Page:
By Allison Kirschbaum

Many car owners are shifting towards new electric vehicles, but the biggest problem is having a limited charging station. However, changes are happening, especially in the military housing sector, as some landlords are starting to install home EV charging stations. Military housing is not new to innovation, especially in making the lives of military families more comfortable. Now, four privatized housing landlords have begun with this change.

Level 2 charging stations are being installed on these houses, and residents don't need to pay for the installation. Home EV charging stations are being installed in carports and garages, which are more accessible. However, military families must pay for the time they spend charging their cars with these stations. They are not charged for utilities in privatized housing, where they have been charging their cars to wall outlets.

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The Appeal for Level 2 Home EV Charging Stations

According to Justin Kern, executive general manager of Lend-Lease Communities, most residents prefer Level 2 EV charging. This kind of home EV charging station is faster and safer than its counterparts. These charging stations will take around five to six hours to charge a vehicle. But with Level 1, it will take more than 24 hours or longer, plus this station is unsafe, especially if charging it using a home outlet.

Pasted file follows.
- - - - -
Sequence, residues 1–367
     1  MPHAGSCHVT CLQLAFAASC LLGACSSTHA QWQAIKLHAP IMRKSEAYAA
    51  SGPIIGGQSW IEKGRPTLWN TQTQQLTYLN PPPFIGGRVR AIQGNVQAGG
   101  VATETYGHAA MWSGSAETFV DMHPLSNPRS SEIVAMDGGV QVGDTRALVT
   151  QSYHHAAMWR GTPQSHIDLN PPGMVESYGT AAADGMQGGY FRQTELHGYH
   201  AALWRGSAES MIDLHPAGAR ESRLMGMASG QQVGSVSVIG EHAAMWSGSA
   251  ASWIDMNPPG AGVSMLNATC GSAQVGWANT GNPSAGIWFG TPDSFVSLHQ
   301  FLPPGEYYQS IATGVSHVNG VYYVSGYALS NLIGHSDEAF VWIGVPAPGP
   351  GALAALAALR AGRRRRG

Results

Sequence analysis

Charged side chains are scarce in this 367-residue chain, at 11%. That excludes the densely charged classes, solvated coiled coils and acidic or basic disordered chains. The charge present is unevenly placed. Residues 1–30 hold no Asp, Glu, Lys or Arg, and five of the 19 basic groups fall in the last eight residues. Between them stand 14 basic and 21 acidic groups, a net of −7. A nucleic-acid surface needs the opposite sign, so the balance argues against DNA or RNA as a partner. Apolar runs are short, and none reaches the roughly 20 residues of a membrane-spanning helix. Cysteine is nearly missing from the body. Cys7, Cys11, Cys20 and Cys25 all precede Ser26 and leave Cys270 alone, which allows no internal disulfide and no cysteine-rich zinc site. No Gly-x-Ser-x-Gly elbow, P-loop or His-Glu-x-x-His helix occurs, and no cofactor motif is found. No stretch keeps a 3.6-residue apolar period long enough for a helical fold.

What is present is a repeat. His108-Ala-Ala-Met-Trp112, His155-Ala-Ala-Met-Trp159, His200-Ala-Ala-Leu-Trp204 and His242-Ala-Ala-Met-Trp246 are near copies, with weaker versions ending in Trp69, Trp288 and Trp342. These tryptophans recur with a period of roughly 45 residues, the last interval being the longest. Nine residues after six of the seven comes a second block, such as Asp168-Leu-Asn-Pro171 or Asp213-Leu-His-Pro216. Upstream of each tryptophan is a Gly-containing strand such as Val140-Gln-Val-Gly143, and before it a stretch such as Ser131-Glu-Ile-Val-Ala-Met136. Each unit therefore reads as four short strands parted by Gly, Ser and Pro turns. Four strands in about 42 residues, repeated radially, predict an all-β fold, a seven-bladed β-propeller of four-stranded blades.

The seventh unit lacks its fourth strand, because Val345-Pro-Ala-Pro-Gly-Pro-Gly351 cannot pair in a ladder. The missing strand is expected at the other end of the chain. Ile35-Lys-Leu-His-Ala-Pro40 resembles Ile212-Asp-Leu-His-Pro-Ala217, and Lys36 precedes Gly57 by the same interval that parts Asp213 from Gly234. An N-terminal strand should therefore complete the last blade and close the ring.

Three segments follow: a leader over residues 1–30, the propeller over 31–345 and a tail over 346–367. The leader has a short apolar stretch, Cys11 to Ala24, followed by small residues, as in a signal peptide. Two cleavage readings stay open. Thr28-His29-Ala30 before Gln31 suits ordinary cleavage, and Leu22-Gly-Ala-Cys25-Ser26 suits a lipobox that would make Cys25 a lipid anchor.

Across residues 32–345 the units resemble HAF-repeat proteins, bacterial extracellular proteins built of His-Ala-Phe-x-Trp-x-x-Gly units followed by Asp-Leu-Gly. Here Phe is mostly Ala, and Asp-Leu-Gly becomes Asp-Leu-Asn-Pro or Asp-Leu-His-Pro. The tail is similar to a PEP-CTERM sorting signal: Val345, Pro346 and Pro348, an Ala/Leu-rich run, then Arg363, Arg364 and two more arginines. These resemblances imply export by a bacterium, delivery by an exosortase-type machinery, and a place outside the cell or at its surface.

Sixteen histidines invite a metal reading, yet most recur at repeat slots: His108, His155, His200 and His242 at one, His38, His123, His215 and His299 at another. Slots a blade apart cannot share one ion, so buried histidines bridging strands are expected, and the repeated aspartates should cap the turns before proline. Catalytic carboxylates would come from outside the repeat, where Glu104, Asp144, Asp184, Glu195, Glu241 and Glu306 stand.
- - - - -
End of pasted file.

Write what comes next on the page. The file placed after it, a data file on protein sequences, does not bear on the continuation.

Kern added that about 7,800 houses are eligible for home EV charging stations. This was not the first time that the program happened. Homes were installed with stations in Cavalry Family Housing at Fort Cavazos near Killeen, Texas, and at Soaring Heights Communities at Davis Monthan Air Force Base in Tucson in late 2023.

This 2024, the Lend-Lease program rolled out at Atlantic Marine Corps Communities at Marine Corps Air Station Cherry Point, Havelock, North Carolina. By the last quarter, the home EV charging station will be installed at Island Palm Communities, which will have seven installations on Oahu and Hickam Communities in Honolulu, serving Joint Base Pearl Harbor-Hickam. Depending on the rollout results, Lend-Lease might consider expanding to more communities.

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Home EV Charging Stations and Its Growing Presence

The rates will depend on regional utility costs, and families can opt to subscribe to one of the three monthly packages. The packages will include various tiers for energy usage and be based on miles driven per month. If some of the miles or kilowatt-hours are not fully consumed, they will be rolled out to the following month. Most of the time, the cost will depend on how fast the charging is.

Here are some of the military landlords that started to provide a home EV charging station:

  • Recently, Joint Base Andrews, Maryland, and MacDill Air Force Base, Florida, were to have their first charging stations via the Michaels Organization. The company plans to provide these home EV charging stations to all private housing it manages and owns nationwide.
  • Last summer, the Balfour Beatty Communities started their program by offering a Level 2 home EV charging station at Vandenberg Space Force Base, California, and Naval Submarine Base, New London, Connecticut.
  • Last year, Hunt Military Communities started their pilot areas at Fort Sam Houston, Texas; Marine Corps Base Hawaii; Barksdale Air Force Base, Louisiana; and Joint Base Pearl-Harbor Hickam, Hawaii.

What Is the Charging Cost of a Home EV Charging Station?

Charging an electric car with a Level 2 charger will cost around $11 with a 65 kilowatt-hour battery at home. This is assuming that the electricity is at $0.17 per kilowatt-hour. However, when in a garage or driveway, the Level 2 charger can run at a 240-volt household outlet, according to Edmunds.com.

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